First Lady Melania Trump has selected an interior designer to begin redecorating the White House, according to Us Weekly. The interior designer tapped for the position is New York-based designer Tham Kannalikham.
Stephanie Winston Wolkoff, senior adviser to the first lady, explained to Women’s Wear Daily why Kannalikham was selected for the coveted role. “Mrs. Trump has a deep appreciation for the historical aspects of the White House,” she said, “and with Tham’s traditional design and expertise, they are focusing on a seamless integration of elegance and comfort into where the President, the First Lady and [their son] Barron will be spending their family time and calling their home.”
The Laotian-American designer, who started at Ralph Lauren Home, is the owner of her own self-titled design firm called Kannalikham Designs. “I am honored by the opportunity to be working with the First Lady to make the White House feel like home,” Kannalikham said in a statement released Thursday.
Kannalikham has been known to work with private clients from all over the world and is a master of keeping a low profile. The designer’s company site has a private login only accessible to her clients and features zero photography. The main page is simplewith just contact information. Kannalikham also keeps a low social media profile with a private Instagram account and bare-bones LinkedIn page.
It is uncertain how Kannalikham and the First Lady met, but Kannalikham’s association with Ralph Lauren may have been another appeal to Melania, who wore a powder blue Ralph Lauren ensemble for the January 20 inauguration.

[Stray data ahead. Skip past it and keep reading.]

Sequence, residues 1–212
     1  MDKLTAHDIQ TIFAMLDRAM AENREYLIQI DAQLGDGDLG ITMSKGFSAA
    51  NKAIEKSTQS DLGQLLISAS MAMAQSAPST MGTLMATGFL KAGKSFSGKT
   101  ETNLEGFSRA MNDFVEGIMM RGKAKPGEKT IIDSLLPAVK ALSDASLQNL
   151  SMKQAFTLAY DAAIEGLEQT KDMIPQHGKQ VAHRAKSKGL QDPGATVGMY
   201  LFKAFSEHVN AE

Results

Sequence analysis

Currently, the first lady remains in New York’s Trump Tower, but plans to relocate to the White House at the end of school year and will continue to split her time between the White House and New York, according to US Weekly. The main focus for the White House redecoration will be creating a homey space for Trump’s 10-year-old son, Barron. Other White House spaces that will be redecorated will include the Lincoln Bedroom, the President’s Dining Room, the Truman Balcony, the Yellow Oval Room and the Treaty Room on the second floor
But it may be hard to make over some of the White House’s historic rooms. Rooms such as the Lincoln Bedroom and the state dinning room (pictured above) are protected from redecoration by the White House Preservation committee. The First Lady would have to seek approval to in order to redecorate those historical rooms.
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